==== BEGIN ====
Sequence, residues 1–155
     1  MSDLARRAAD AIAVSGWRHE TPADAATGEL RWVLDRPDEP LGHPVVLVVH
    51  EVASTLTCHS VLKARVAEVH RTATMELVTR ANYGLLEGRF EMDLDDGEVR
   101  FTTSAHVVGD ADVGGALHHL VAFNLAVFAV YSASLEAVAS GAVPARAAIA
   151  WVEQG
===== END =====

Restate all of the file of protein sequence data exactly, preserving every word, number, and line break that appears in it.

Sequence, residues 1–155
     1  MSDLARRAAD AIAVSGWRHE TPADAATGEL RWVLDRPDEP LGHPVVLVVH
    51  EVASTLTCHS VLKARVAEVH RTATMELVTR ANYGLLEGRF EMDLDDGEVR
   101  FTTSAHVVGD ADVGGALHHL VAFNLAVFAV YSASLEAVAS GAVPARAAIA
   151  WVEQG